Snow – Chapter 1 – Part 3

Last time we left Snow, she and her dad had heard a drone in the forest and were heading back to the safety of the village. When I first wrote this scene, it was completely different. I’ve taken Chapter 1 through multiple revisions, and whenever I edit something new, I always send the results to my friend who’s my beta reader. She’s also the founder and only member of the Snow fandom. 🙂 Thanks so much, Julia, you’re a great friend! 😉

“Don’t worry. They’ll never find us,” Dad promises in a low whisper, squeezing my hand. We have been evading drones for years; the village hunters dodge them on a regular basis. My dad, as both hunter and leader, probably has the most experience of anyone in the village in dealing with them. Still, as the light whirring becomes louder, I can’t help but feel fear rising up. I take a deep breath and slowly blow it out knowing what’s coming. I watch my dad who is watching the sky. Suddenly, Dad pulls me to my feet, and we take off running. Away from the river, deeper into the forest we run silently. We duck under branches and over snow mounds, making our way to the village, to safety. As we run I know my dad is listening and calculating, carefully planning each path we take. Finally, Dad slows and holds up his hand for us to stop. I notice the whirring has grown fainter. Dad leans against a tree trunk and puts a finger to his lips. We stand there, listening to the ever fading whirring of the drone as it moves on to another area. The forest returns to its previous undisturbed silence. Dad opens up his hunting bag, pulls out an old, faded yellow map and spreads it out on the tree trunk.

“What pattern is the drone using?” Dad looks at me, motioning to the map. He’s been training me for years to recognize the search patterns used by the drones.

I look over the lines, thinking. “Grid Pattern A?”

Dad smiles. “Good job. And which drone usually uses that pattern at that altitude?”

I look at the map, and then close my eyes, remembering the buzzing of the drone. When you hear one, it’s a sound you never forget. “It’s a surveillance drone, and it’s traveling from east to west.”

“Actually, it’s coming from the northeast, but close. Recommended course of action?”

“It’s moving away from us now so we can continue hunting?” I turn my answer into a question, hoping to salvage the rest of what was supposed to be a peaceful afternoon with my dad.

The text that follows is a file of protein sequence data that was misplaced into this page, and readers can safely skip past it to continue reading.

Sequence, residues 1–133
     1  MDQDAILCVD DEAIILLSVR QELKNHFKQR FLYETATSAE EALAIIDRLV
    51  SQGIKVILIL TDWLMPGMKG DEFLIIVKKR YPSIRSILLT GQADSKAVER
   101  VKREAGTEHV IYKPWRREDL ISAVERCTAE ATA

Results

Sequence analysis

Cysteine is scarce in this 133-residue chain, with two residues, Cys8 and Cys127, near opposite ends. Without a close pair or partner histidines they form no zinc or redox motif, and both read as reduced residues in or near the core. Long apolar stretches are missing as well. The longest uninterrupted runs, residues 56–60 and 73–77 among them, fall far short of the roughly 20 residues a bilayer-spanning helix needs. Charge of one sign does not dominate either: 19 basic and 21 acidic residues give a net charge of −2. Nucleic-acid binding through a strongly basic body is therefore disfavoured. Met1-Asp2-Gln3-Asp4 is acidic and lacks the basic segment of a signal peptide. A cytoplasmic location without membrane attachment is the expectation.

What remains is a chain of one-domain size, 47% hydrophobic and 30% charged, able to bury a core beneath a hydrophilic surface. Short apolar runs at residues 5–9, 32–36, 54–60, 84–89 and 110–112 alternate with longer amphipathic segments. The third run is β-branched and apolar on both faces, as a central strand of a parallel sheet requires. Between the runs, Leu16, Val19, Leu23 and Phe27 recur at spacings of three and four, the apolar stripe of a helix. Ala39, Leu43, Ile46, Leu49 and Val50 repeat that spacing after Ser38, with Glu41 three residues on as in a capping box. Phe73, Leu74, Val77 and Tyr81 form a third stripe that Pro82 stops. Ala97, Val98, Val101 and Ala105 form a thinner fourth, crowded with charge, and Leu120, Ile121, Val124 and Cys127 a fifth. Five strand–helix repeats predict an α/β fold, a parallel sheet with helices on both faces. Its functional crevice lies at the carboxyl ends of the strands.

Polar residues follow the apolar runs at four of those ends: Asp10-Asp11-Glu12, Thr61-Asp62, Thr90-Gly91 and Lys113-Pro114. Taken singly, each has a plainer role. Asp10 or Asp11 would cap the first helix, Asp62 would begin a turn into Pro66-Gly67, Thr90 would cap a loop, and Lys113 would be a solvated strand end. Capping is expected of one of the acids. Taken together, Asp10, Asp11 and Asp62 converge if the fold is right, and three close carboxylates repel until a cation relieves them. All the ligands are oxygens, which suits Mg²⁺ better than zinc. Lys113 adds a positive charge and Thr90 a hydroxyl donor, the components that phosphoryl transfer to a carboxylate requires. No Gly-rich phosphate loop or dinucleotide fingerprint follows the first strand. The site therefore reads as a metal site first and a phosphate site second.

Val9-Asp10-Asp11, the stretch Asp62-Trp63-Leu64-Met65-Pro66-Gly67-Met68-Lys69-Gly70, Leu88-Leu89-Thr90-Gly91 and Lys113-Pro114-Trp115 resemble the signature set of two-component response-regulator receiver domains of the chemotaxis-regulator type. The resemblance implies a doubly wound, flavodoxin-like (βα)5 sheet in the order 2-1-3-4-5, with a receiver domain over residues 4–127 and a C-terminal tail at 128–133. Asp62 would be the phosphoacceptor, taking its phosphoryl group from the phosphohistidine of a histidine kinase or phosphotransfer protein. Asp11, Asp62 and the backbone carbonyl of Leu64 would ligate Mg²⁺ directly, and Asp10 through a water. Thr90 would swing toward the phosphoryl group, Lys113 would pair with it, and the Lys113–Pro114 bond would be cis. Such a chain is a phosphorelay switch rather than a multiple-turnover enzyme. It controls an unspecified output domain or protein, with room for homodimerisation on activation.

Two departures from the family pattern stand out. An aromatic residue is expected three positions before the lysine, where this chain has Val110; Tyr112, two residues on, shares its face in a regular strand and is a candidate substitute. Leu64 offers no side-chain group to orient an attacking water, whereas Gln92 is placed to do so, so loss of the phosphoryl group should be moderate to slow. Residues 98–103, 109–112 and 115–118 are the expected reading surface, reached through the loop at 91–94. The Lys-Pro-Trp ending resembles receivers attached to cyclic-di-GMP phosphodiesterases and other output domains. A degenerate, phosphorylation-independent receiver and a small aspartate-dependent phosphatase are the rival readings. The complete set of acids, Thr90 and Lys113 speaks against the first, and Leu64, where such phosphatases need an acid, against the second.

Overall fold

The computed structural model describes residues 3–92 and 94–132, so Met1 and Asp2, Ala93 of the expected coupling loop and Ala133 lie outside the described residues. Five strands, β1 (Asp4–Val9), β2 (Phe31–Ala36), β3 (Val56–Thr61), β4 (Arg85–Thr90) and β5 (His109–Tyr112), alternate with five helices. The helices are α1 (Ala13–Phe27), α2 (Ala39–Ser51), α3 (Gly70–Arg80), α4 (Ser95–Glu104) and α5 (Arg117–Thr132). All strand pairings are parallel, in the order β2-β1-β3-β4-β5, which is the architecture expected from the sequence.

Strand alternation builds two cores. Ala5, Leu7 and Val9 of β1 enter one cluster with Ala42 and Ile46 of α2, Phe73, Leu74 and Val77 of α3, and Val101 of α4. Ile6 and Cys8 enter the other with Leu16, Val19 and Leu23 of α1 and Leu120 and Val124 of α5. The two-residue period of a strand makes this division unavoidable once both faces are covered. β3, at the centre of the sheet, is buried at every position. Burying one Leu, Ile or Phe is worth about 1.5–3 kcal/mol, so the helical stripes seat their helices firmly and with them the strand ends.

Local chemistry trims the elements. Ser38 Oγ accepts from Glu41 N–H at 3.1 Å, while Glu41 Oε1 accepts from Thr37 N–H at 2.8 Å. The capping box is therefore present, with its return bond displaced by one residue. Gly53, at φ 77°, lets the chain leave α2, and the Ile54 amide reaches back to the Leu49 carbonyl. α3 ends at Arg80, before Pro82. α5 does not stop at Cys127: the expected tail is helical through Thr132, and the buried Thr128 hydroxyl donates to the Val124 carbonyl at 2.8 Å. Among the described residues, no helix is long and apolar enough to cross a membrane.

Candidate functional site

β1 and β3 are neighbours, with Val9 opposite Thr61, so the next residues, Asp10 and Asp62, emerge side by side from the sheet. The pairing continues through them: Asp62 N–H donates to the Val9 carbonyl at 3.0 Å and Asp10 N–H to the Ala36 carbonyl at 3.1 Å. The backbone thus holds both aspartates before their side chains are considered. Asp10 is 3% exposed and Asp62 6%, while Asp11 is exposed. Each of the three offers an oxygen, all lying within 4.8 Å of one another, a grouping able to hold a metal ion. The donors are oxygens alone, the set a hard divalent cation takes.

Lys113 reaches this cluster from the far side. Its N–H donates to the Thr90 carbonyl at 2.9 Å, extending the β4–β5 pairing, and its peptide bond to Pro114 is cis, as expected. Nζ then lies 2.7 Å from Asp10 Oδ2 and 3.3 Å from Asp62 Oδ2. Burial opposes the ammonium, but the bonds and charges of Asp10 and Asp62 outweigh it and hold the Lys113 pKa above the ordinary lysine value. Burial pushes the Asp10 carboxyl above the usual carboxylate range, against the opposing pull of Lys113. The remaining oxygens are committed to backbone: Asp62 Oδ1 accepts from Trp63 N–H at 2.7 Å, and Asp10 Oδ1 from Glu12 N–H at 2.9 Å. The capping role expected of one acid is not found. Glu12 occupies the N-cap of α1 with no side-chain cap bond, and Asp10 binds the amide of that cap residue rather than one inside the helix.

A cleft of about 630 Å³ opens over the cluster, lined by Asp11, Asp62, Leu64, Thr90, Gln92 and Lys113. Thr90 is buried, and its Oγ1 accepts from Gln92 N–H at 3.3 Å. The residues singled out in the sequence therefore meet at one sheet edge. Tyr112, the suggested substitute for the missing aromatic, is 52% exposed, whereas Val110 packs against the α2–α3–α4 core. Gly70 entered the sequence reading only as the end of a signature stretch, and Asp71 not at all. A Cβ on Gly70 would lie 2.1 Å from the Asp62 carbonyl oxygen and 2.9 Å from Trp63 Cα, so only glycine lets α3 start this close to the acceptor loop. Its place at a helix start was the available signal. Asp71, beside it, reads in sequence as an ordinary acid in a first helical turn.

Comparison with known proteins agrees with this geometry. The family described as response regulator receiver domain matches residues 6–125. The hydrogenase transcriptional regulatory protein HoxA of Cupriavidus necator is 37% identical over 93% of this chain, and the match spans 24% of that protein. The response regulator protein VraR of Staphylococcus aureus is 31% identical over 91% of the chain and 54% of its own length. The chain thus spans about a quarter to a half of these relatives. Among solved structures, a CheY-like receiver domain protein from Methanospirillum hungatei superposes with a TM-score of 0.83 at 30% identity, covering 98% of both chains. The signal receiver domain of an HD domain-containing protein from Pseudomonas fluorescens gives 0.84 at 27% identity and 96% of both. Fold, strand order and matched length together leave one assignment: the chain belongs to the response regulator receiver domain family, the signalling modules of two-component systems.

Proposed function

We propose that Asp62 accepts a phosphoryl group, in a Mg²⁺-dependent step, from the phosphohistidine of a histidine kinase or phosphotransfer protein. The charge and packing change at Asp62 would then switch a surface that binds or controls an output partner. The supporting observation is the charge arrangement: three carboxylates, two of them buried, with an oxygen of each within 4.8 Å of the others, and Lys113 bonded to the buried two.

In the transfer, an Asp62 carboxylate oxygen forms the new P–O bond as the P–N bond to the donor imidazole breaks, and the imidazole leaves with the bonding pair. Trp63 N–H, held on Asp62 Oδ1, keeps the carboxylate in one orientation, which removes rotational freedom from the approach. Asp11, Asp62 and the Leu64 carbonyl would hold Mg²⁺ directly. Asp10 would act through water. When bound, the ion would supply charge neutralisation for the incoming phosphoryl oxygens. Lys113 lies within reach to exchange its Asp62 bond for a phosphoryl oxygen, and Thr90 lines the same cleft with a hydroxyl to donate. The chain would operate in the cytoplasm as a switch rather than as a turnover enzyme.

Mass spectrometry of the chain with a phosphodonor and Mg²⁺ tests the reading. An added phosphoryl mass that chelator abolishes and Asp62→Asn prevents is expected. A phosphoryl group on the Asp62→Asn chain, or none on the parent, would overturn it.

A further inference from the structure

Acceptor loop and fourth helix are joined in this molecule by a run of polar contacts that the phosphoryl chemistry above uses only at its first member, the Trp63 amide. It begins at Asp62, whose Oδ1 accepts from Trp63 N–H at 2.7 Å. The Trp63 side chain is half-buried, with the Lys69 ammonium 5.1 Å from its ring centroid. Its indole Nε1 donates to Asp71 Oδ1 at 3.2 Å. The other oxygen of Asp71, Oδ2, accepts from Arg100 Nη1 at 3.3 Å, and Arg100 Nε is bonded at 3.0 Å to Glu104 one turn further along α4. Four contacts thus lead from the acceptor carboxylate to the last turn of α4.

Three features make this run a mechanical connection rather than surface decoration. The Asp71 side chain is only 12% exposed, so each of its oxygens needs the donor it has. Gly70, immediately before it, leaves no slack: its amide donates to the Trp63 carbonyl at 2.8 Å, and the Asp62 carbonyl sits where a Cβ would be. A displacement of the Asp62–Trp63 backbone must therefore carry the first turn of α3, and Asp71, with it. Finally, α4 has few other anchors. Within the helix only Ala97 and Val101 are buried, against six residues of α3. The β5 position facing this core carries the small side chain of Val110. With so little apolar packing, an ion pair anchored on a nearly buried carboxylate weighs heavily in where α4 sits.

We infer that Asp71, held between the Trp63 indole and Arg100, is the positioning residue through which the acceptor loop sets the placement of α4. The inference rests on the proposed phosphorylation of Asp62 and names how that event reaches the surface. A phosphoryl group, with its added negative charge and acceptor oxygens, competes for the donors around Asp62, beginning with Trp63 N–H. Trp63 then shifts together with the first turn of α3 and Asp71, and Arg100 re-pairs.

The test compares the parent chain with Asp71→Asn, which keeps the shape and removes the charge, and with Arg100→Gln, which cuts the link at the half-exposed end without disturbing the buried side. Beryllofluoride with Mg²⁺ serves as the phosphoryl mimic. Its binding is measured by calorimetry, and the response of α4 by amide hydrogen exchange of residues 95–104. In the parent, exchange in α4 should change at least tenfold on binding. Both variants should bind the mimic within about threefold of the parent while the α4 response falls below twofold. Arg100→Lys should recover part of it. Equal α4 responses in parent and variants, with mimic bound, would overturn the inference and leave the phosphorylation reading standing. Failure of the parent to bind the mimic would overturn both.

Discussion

Dad doesn’t answer and stands there looking intently into the sky. “You’re right, Snow. Normally, we would continue, but something doesn’t feel right to me. We’ll head back to the village.” With a single movement, he folds up the map and places it into his bag and begins the hike back home. I follow behind him, wondering about his uneasiness.

After a few minutes, I break the silence. “Dad?” The aurora glitters above us, now a dark, blood red color that turns everything around it the same bright hue.

“Yes, Snow?”

“Jamin was right. The drones are never out this time of the year.” The words stick in my throat, and I feel sick just saying them.

“Like I told Jamin, we’ll get through this together.” Dad flashes me a defiant look. “We’ve hidden from the drones for sixteen years. We can make it through another one.”

I can’t help but think of a few years earlier when three of our hunters were killed by a drone attack. That winter had been hard, too, but we made it through. Dad is right. We can do this together. That still doesn’t answer the other question I’ve had for a long time – the one I’ve had since I realized the drone searches started once I was found near the village. “Why are they hunting me, Dad? What do I have that they want?” I ask, my voice catching.

Dad looks at me, his brown eyes glinting. “I don’t know,” he finally admits. “I really don’t know.”

We continue trudging through the snow, until we’re on top of the ridge above Northolt. Here, I’m able to see Northolt spread out before me. The village is shielded from the drones’ sensors, making it the last safe place in the forest. The villagers here call it a town, but it’s really just a collection of ten white domes peeking out of the snow, arranged in a circle. I sense the breeze across my cheek, and although it doesn’t feel cold to me, I instinctively know the temperature is dropping.

“I’ll make sure I warn the other hunters to be extra careful for the next few days until drone activity dies down,” Dad says, more to himself than to me. “Come on, we have to get back to Northolt before it gets much later.” Dad starts down the slope.

I glance behind me one last time, for a moment thinking I can hear a drone. All I see, though, is the peaceful edge of the forest, utterly still and silent. I start down the slope, half-sliding, half-walking into the village. The only sign that anyone lives here are the footprints leading into the domes. I follow behind my father, my feet stepping into the holes made by his boots, as we return home for the night.

Thanks for reading!



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